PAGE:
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Stocks near session lows after Fed holds rates steady

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Yahoo Finance’s Alexis Christoforous and Adam Shapiro along with Steven Skancke, Keel Point Chief Economic Advisor, discuss the state of the economic recovery as the Federal Reserve holds rates at near-zero.

Video Transcript

ALEXIS CHRISTOFOROUS: What would you like to hear from Jay Powell during the press conference today? And might anything he say move this market?

STEVEN SKANCKE: Well, thanks, Alexis, and always great to be with you. I would like him just to stay on script and not get into any of the hypotheticals, which are going to be coming at him. Obviously, the uptick in interest rates, the Biden fiscal stimulus plan, his conversations with Secretary Yellen all are going to be part of this.

The market is really trying to figure out what it means that they're going to let inflation tick up above 2% to moderately or modestly for a period of time. And, you know, as some of the earlier panelists have pointed out, that's just going to happen in March and April. So his goal is really not to be misunderstood, not to say anything that can be misinterpreted, and let things ride until we see what happens in March and April.

ADAM SHAPIRO: So do you think-- and when we look at markets and the bit of a sell-off after we got this news today, are they reacting to that change in language in the addition of economic activity employment has moderated in recent weeks? Or are they looking further out? Markets tend to be more short-sighted, don't they?

STEVEN SKANCKE: They [AUDIO OUT] and that would certainly be a good explanation for the moderate to downward movement in markets after the Fed press release. Clearly, people are anxious about what's happening with the new strain of virus, the infection rate continuing to be strong. And also, when they look at Europe, the problems there are even more severe, I think, than people had been anticipating. You know, France, for example, very low vaccination rate, and that doesn't bode well for the outlook for our major trading partners.

ALEXIS CHRISTOFOROUS: Would love to get your take on what we're seeing play out in the bond market because we've seen the yield on the 10-year Treasury move up from about half a percent last summer. It's now above 1%. How much further room is there to grow, do you think? Are we just going to be range bound? And if so, Steven, what will that range be?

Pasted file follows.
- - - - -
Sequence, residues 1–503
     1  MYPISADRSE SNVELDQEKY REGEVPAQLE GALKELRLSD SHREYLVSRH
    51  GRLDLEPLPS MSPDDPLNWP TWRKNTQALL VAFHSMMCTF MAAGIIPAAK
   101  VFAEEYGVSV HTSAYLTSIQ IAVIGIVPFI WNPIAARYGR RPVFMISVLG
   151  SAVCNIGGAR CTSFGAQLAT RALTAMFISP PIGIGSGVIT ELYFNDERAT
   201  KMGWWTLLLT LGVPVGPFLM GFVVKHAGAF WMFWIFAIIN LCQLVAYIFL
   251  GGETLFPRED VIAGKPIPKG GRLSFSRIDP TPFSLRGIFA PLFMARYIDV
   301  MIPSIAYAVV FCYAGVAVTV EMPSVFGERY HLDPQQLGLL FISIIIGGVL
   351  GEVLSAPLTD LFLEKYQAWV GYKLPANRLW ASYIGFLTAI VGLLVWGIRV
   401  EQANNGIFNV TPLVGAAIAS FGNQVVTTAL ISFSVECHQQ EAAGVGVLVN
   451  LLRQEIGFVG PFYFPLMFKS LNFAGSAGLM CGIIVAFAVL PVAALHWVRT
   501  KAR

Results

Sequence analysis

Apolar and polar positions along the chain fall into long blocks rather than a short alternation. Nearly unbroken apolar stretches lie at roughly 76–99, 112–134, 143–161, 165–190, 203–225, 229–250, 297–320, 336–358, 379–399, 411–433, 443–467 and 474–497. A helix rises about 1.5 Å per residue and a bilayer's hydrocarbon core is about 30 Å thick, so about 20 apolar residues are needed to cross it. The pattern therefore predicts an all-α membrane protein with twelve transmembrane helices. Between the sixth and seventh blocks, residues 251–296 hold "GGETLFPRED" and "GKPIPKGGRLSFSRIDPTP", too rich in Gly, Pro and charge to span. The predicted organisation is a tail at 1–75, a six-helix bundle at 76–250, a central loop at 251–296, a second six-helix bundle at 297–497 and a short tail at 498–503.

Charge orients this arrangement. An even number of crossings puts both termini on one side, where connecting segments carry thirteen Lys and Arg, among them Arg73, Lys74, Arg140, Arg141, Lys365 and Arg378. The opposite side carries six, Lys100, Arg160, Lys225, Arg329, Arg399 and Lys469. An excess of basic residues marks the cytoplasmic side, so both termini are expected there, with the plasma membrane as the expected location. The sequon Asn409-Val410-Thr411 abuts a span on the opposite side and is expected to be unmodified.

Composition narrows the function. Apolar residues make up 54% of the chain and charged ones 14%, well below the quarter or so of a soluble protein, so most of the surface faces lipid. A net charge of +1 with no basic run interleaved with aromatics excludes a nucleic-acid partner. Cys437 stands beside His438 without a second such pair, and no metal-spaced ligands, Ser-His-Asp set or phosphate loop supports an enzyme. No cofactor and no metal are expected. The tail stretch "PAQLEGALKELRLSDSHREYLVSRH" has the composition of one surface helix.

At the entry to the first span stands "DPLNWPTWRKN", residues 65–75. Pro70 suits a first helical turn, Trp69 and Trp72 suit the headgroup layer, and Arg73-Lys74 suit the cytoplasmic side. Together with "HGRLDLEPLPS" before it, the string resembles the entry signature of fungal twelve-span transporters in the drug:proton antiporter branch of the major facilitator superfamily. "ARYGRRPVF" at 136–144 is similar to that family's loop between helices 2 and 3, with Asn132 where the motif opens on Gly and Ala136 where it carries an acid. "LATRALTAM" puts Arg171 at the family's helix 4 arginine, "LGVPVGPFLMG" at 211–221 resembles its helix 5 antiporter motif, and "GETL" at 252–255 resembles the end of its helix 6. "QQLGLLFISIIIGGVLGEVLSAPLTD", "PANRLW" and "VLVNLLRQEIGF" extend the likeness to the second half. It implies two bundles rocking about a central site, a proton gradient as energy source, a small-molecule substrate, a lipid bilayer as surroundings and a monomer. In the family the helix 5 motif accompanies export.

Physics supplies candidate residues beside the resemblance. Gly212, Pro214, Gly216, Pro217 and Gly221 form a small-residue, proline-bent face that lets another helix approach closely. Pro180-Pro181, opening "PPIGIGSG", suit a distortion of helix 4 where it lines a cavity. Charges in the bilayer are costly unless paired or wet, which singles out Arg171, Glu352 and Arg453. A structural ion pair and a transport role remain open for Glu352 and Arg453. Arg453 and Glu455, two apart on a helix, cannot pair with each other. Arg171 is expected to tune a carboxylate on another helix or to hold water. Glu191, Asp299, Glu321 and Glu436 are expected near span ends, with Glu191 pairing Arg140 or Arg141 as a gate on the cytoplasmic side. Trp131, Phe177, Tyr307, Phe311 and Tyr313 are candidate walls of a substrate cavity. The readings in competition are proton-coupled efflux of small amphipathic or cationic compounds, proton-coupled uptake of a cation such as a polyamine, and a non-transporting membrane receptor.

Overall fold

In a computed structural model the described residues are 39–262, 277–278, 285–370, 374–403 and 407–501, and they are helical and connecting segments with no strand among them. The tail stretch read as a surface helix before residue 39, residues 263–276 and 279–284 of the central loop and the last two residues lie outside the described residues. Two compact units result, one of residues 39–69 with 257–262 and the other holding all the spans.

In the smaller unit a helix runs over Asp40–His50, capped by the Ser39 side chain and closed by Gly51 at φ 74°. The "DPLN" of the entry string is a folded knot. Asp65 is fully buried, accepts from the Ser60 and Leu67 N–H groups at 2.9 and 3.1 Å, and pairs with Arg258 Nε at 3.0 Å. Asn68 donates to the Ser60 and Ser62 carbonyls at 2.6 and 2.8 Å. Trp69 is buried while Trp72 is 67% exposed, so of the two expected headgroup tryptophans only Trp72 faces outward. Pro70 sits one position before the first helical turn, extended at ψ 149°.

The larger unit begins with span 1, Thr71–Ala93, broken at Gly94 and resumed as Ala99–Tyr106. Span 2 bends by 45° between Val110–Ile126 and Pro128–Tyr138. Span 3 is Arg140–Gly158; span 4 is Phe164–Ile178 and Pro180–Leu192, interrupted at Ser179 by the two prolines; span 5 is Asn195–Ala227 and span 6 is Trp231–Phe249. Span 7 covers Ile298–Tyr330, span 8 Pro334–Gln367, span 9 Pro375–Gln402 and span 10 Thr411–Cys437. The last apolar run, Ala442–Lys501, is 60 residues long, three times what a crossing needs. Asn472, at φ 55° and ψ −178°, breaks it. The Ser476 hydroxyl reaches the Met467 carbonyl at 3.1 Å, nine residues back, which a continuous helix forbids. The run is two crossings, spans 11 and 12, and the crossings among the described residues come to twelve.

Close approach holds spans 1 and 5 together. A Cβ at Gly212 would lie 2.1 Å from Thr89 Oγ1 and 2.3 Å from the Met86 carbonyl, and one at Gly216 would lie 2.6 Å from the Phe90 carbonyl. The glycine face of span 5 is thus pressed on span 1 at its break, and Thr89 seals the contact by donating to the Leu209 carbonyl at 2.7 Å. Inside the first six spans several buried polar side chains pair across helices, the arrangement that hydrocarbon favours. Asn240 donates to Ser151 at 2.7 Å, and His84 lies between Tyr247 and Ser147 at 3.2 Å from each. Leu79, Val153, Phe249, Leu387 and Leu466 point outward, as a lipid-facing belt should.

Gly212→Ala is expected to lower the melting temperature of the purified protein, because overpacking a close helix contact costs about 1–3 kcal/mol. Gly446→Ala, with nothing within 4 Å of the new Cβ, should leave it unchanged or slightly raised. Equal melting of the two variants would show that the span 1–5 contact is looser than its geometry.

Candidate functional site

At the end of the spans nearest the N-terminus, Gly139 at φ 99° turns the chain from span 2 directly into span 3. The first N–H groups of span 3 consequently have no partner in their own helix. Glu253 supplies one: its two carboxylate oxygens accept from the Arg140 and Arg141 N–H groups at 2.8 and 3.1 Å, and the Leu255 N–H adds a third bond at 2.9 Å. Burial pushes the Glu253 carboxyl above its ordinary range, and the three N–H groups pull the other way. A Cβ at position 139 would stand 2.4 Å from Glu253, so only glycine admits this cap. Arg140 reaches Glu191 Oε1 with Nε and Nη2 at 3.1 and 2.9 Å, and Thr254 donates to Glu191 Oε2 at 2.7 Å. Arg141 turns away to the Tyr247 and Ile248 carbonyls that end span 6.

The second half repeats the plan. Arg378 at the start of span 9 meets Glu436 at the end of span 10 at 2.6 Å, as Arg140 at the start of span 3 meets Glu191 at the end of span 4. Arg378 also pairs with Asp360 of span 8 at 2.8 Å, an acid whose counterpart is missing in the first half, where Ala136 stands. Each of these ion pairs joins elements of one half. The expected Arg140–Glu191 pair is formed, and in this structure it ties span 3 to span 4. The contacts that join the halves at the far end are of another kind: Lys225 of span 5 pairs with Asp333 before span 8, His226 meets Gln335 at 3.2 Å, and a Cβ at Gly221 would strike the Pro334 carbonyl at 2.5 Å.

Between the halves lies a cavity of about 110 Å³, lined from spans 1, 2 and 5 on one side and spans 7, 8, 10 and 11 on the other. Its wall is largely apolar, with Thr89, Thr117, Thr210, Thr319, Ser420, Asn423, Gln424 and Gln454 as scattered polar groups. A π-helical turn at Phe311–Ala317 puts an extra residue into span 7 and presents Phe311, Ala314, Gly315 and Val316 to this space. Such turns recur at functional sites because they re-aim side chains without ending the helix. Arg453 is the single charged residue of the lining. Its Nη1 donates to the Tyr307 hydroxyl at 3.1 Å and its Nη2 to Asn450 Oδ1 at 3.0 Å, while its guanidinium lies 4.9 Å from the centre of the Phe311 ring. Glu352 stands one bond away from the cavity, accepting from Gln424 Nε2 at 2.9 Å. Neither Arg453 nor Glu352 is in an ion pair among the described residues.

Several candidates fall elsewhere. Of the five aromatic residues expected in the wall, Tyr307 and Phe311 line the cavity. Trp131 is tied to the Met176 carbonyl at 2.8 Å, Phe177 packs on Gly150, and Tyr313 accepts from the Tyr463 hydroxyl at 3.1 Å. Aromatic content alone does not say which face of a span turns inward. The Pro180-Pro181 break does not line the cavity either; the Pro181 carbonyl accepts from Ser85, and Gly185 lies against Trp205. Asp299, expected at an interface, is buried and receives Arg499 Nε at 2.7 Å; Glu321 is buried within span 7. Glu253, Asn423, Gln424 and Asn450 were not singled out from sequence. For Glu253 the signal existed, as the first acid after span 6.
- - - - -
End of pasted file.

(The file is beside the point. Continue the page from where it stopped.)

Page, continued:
STEVEN SKANCKE: Well, I think the Fed is breathing a sigh of relief that it did come back a little bit from being up at 1.15% on the 10-year Treasury yield. Because as you know, there's been speculation. In fact, some have called for them rolling out the tool of the yield curve, targeting yield curve management.

And they have a little respite on that because you're absolutely right, Alexis. To go from about a 1/2% to 1.15% over a matter of three, four months is surprising. And it really calls to question, is the Fed going to keep interest rates, all interest rates, lower for longer? And how does something like that happen with the $120 billion a month in bonds that they're buying, including $40 billion in mortgage bonds?

So it puts them in a little bit of a tough position. They certainly will watch it because that'll be part of what triggers the market having angst when we see the March and April uptick in inflation numbers.

ADAM SHAPIRO: But we've seen the Fed say that they're willing to overshoot that inflation target. So shouldn't investors expect that and not be freaked by it when it happens, if it happens?

STEVEN SKANCKE: Well, Adam, you're a great student of the market and consumers. And the truth is, the Fed can say that, as often as they do, and yet, when there is a print on a 3% or 3 and 1/2% bump up in the CPI, folks are going to-- could lose-- quite likely could lose their senses about them and wonder what is the Fed going to do next. And are they going to say something? Are they going to dispel the notion that something-- that that's not OK?

They'll have a very tough March and April FOMC announcement and press release if it does that. Because it will be surprising, given where inflation has been so long. And the fact that it really is almost a mathematical phenomenon because of what happened last March and April, still, it's going to take a lot of people by surprise.